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Investing in an Age-Friendly Princeton

The New Jersey town (home to the university with the same name) takes action

Pedestrains on street, shops, Princeton, New Jersey, AARP Livable Communities

Aimin Tang/Getty Images

The shopping area of Princeton, New Jersey. Princeton became the first town in New Jersey to join the AARP Network of Age-Friendly Communities in April 2014. Two years later, its Age Friendly Task Force released a community action plan, which touts the pedestrian friendly shopping area.

Home to Princeton University and a wealth of cultural and educational opportunities, Princeton became the first town in New Jersey to join the AARP Network of Age-Friendly Communities in April 2014. Two years later, its Age Friendly Task Force released a community action plan, which aims to improve this college town's age-friendliness, especially in the areas of affordable housing and transportation.

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"Princeton prides itself on being a great place to live, work, learn, play, raise a family and grow old," writes Princeton Mayor Liz Lempert. "This report sheds light on the most pressing issues impacting our older residents and outlines an action plan to ensure we are addressing the most crucial needs."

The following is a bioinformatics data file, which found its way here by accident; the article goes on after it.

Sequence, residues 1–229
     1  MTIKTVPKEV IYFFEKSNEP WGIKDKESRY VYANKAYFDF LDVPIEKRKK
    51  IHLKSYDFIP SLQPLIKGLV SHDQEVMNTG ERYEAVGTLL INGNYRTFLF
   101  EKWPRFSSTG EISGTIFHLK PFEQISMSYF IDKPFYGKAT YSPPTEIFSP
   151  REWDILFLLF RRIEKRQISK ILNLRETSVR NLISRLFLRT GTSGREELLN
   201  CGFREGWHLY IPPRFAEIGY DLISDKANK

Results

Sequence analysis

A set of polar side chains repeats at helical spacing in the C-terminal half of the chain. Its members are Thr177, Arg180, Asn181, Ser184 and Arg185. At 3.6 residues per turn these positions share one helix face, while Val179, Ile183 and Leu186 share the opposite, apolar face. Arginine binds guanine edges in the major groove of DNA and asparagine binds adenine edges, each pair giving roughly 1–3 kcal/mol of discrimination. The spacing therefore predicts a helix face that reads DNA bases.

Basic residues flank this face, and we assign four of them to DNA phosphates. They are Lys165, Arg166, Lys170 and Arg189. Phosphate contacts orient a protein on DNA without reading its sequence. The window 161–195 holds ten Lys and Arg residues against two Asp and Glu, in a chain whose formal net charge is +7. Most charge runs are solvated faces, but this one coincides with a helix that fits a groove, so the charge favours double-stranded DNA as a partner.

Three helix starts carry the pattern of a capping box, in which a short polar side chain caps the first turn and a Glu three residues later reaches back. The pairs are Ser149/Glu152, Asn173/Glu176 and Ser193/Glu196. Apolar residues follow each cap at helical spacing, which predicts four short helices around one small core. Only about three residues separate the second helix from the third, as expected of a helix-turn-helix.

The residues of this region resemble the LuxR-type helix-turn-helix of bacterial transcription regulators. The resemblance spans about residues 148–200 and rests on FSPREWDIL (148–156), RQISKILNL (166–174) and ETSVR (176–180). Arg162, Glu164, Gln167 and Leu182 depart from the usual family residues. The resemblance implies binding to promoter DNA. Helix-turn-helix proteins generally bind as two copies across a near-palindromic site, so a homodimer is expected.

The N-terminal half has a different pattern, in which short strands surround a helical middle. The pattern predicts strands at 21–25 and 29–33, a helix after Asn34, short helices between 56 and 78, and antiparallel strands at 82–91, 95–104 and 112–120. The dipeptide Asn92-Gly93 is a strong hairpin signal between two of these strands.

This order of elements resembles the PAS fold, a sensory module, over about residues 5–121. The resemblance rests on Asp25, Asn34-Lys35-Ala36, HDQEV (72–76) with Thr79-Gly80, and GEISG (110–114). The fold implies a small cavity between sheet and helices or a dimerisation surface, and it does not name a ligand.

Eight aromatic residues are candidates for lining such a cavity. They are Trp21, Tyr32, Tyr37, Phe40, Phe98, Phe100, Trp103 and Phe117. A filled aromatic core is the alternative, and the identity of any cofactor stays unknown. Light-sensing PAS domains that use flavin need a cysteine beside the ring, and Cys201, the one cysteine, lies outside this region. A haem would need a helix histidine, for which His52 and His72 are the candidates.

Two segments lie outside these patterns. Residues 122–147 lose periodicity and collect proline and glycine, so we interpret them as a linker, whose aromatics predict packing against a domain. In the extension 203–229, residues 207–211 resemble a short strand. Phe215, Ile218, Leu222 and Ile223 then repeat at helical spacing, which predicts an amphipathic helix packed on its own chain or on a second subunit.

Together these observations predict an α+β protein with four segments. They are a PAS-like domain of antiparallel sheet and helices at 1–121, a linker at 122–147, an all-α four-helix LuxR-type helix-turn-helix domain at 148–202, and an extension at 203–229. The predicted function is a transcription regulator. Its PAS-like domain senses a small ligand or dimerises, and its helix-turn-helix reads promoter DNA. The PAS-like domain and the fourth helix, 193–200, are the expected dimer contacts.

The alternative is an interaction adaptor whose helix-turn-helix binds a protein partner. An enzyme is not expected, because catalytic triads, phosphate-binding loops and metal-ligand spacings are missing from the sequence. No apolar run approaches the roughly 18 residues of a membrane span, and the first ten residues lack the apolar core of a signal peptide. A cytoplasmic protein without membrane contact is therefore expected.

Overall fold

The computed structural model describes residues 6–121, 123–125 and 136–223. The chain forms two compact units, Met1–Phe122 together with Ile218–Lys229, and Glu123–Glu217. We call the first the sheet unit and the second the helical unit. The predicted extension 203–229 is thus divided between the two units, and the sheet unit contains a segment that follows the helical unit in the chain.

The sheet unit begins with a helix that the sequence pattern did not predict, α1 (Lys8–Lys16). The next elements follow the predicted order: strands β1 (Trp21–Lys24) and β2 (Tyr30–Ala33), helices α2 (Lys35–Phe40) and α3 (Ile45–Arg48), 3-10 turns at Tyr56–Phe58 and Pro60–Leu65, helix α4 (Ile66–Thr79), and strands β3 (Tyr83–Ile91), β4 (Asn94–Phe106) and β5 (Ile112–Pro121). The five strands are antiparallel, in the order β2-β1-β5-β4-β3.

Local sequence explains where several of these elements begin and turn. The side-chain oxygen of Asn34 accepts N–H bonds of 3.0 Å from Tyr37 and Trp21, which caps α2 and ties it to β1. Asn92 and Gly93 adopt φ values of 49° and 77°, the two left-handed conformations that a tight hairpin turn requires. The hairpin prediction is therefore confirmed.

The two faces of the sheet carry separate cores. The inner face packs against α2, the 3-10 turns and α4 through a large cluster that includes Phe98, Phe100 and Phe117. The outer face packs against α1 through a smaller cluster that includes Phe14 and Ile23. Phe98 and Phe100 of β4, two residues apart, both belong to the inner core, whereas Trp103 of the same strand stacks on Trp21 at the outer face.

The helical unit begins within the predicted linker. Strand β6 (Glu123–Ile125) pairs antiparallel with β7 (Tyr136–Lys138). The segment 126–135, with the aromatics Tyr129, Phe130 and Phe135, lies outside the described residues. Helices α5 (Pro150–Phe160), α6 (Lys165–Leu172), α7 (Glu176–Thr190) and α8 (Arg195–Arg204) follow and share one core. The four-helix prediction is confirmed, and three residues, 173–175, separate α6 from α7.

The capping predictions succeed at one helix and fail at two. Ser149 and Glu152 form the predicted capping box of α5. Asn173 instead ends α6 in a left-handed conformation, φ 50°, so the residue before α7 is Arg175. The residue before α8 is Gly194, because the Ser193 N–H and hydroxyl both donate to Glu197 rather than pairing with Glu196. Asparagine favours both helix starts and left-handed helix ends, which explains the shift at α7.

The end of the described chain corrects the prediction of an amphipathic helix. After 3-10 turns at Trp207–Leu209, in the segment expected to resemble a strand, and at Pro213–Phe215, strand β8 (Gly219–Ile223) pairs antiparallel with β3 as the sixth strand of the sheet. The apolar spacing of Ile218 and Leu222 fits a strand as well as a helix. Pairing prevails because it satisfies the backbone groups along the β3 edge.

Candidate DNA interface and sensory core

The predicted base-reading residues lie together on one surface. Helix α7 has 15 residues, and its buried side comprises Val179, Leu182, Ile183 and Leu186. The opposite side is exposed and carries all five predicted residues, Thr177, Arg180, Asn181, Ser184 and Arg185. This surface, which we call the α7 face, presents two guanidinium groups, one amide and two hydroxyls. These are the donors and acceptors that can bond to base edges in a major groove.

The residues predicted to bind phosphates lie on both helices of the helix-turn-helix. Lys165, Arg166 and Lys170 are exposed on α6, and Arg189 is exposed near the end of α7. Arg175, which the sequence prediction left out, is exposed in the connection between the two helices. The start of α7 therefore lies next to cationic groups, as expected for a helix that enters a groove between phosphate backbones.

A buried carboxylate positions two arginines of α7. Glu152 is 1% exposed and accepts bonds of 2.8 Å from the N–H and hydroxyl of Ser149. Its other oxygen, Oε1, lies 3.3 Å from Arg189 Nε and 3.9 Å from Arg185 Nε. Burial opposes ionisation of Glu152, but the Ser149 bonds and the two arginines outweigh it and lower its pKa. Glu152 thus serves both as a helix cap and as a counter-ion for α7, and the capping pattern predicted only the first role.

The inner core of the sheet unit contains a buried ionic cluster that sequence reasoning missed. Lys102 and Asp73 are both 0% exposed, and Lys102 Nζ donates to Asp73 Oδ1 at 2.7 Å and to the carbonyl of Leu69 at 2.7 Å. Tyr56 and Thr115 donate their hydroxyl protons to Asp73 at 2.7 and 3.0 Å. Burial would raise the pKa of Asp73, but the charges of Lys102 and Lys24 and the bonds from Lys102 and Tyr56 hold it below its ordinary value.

To help develop the plan, the Princeton Senior Resource Center convened 10 focus groups during the fall of 2015 that engaged dozens of residents in conversations around the eight domains of livability: outdoor spaces and buildings; transportation; housing; social participation; community health and support; respect and social inclusion; civic participation and employment; and communication and information.

Questions included:

  • Do you feel you’ll be able to remain in your home as you get older?
  • How do you get around for shopping, medical appointments, social activities?
  • How do you find out about activities and programs in the Princeton area?

These focus-group conversations helped the age-friendly task force to pinpoint areas of improvement and identify appropriate goals and action items. Many of these items can be addressed within the next two to three years with existing committees and volunteers, suggest the authors. "Others involve significant costs and will need to be considered within the context of other municipal priorities," they write. 

Key Findings

  • There is no lack of brainpower in Princeton. Thanks to the university, residents enjoy an abundance of intellectual and cultural programs, including lectures, art exhibitions, concerts, and theater performances. The Princeton Public Library bustles with book clubs, technology and other services, while the Princeton Senior Resource Center serves more than 1,300 people a week. Its popular "GrandPals" program (see the photo below) pairs hundreds of seniors with school children.
An older woman and two pre-school girls take a break from reading at a library.

Photo courtesy of the Princeton Senior Resource Center